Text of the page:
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TL; DR using flaps to directly control sink/climb rate near ground = simpler and faster response = easy to fly airplane?

Rotating is the pitch up during takeoff that causes the aircraft to leave the runway.

Flare is the pitch up just before touchdown that causes the sink rate to drop.

In both maneuvers, a downforce is applied to the tail, to re orient the aircraft to increase the angle of attack, so as to increase lift. The objective is this lift, rather than a change in orientation.

Hence, would it not make sense to use a method to directly alter lift, if available? Specifically, would it not make sense to increase the flap settings just for the moment these maneuvers are done? Takeoff is done at a non-maximum flap setting. When the airspeed nears the required value for liftoff, flaps could be lowered to full. Final approach can be done with takeoff flaps, and just above the runway, instead of pulling back, the flaps could be lowered.

I know the flaps are slow to deploy, but the moment of the fuselage makes pitching slow as well, doesn't it? Even if the slow movement of the flaps erodes any advantage in terms of response time, the decreased angle of attack at the leading edge would be favorable in terms of stall characteristics, wouldn't it? And the requirements to touch the main gear first on landing could be satisfied with even a relatively small pitch angle. And tail strikes could be avoided.

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    $\begingroup$ You'll find during landing that the aircraft will balloon, not pitch up if you try to dump full flaps in ground effect. $\endgroup$
    – Ron Beyer
    Apr 11 at 4:37
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    $\begingroup$ Is there a problem you are trying to solve? Because I don't think tail strikes alone are a good reason to throw out proven techniques refined and largely perfected over the last 100 plus years. And I think the objective is as much about orienting the aircraft as gaining lift. Particularly on rotation where you point the aircraft up where you want to go... $\endgroup$ Apr 11 at 5:44
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    $\begingroup$ It's a bit like looking at a steering wheel in a car and saying "you know what, let's replace that with differential braking to control direction instead". Only your proposal is quite a bit more complicated and risky, for minimal benefit. $\endgroup$
    – Ben
    Apr 11 at 7:58
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While this is an interesting idea, there are some key issues with it. As a GA pilot, here are my issues with that concept.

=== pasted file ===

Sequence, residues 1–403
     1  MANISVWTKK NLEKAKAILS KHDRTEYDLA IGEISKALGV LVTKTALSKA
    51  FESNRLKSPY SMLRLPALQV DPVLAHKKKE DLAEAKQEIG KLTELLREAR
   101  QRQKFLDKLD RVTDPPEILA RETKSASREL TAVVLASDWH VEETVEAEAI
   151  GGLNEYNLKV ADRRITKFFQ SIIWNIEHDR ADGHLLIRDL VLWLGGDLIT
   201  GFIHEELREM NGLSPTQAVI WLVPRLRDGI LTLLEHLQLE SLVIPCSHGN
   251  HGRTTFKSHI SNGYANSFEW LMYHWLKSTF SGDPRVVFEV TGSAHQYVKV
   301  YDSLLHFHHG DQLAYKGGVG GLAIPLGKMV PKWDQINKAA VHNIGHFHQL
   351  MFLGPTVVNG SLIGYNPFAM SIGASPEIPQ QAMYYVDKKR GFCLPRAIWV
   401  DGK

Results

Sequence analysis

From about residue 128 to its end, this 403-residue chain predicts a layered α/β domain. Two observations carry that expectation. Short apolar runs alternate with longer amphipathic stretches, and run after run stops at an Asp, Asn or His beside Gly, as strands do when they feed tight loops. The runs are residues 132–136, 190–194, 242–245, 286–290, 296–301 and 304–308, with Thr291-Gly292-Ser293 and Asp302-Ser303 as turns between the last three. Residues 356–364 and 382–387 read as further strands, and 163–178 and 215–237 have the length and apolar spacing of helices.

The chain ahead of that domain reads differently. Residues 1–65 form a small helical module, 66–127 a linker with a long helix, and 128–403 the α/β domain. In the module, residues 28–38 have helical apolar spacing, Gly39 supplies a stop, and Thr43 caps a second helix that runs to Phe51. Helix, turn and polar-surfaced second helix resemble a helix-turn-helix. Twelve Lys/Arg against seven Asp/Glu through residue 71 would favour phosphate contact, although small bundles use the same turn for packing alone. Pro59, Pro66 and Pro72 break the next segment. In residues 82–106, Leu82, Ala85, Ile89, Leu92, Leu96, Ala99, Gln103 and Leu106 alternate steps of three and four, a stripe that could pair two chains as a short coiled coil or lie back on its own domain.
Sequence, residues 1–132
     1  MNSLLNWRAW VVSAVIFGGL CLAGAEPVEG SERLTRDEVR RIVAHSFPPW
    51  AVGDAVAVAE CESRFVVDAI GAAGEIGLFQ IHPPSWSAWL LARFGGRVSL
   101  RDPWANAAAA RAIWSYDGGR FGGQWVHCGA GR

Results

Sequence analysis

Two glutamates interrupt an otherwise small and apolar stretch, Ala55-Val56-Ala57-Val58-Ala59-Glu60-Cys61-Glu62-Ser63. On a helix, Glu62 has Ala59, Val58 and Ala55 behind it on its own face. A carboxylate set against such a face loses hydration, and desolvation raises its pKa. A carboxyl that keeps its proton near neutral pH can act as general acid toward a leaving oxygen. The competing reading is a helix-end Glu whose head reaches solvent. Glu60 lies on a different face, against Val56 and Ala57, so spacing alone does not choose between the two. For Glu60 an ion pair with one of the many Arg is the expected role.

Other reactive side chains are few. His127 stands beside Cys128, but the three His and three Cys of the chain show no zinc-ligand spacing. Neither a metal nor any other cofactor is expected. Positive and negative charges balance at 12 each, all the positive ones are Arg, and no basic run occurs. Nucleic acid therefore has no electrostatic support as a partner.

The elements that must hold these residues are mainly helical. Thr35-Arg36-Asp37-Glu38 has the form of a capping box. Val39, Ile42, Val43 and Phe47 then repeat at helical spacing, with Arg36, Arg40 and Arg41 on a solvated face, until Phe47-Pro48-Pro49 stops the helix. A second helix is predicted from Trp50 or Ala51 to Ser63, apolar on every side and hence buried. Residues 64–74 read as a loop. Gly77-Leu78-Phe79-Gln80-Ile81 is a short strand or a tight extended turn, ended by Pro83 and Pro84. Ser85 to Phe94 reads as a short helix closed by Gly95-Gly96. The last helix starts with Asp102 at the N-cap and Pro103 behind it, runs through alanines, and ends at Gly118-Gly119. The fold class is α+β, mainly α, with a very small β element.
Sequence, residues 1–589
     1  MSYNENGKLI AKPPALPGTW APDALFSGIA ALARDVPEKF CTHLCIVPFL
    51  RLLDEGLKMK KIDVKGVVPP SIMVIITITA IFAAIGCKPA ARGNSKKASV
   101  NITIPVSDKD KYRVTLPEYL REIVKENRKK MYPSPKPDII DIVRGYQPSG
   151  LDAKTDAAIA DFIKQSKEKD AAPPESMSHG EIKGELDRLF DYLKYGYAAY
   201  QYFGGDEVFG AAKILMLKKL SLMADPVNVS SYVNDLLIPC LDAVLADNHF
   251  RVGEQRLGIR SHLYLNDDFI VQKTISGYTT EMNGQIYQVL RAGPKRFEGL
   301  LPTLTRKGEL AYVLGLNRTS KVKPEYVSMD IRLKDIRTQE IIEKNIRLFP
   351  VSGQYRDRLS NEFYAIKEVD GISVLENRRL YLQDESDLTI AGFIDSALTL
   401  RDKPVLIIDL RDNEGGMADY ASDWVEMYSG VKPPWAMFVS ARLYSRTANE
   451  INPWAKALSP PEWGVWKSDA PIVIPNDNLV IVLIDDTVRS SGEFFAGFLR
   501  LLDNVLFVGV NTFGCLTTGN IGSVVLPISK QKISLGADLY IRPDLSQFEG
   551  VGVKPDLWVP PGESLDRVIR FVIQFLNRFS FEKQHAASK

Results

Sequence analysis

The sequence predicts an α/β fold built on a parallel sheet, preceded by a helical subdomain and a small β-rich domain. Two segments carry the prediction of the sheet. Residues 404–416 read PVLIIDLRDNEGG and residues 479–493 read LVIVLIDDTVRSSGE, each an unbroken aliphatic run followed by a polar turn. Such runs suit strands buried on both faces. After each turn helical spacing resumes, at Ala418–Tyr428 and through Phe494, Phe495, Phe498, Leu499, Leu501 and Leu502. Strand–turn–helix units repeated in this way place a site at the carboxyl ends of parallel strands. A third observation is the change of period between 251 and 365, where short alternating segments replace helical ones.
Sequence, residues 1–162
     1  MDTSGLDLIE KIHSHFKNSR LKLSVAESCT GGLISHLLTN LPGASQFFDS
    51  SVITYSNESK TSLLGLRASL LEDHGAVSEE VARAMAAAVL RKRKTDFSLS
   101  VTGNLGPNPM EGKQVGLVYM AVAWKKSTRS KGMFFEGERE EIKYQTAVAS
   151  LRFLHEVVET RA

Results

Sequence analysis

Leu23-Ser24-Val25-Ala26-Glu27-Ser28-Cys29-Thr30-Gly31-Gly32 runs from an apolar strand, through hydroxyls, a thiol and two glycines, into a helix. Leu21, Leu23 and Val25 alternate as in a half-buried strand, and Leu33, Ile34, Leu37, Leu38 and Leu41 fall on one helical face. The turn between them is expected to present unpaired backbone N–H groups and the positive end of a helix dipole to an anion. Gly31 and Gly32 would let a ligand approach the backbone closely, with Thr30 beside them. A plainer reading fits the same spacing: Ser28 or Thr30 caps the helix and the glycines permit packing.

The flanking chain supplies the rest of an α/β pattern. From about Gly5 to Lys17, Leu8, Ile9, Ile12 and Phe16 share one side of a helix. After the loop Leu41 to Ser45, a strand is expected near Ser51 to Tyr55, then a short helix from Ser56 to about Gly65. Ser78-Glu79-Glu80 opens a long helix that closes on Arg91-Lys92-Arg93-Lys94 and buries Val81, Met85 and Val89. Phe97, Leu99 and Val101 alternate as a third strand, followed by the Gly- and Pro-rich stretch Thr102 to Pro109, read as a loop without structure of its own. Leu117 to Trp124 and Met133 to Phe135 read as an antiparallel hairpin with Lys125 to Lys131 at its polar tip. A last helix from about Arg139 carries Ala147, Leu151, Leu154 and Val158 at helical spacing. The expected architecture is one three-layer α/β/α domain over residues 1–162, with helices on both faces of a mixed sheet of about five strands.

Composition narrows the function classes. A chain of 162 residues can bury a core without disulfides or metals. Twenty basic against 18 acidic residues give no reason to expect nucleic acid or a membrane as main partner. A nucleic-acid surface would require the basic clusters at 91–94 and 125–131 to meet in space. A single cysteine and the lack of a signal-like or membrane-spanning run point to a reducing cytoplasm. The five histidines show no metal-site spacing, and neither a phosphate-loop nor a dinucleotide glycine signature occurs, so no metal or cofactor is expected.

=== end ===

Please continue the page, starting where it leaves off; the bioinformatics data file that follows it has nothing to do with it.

1. Changing flap settings causes signifigant differences in aircraft handling. If I was, say, on short final, and I changed my aircraft's configuration - it would be difficult to maintain a stable approach profile to the runway. If I were to deploy my flaps just above the runway, the aircraft would lose its "stable approach" and I would not have as much control authority over where, when, and how my aircraft touches down. There is a reason GA and Commercial pilots alike are taught to maintain a stable approach and have the aircraft fully configured well before landing.

  2. I would never adjust flaps on take off or climb out (until at a reasonable altitude). The reason is simple. First of all, aircraft have operating limitations. You would not take off with full flaps because they generate too much drag, and hence limit aircraft performance. They are great for landing because of that same drag. However, If I were to take off with (theoretically) full flaps in a Cherokee or Cessna, it would not be safe to retract them until sufficient airspeed and altitude has been attained. Raising flaps at low airspeeds causes a noteworthy forward pitching motion and a temporary arrest of the climb rate. This is dangerous when in a low-airspeed, low-alitude situation and is warned against by CFIs.

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    $\begingroup$ Doesn't pitching also mess with the approach profile? $\endgroup$
    – Abdullah
    Apr 11 at 6:03
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    $\begingroup$ If you are referring to adjusting pitch for the flare and roundout, no - not when correctly managing airspeed. The final roundout and flare work in the first place because of the airspeed management and gentle adjustments of pitch throughout the approach to stay on the glideslope/path. $\endgroup$ Apr 11 at 7:11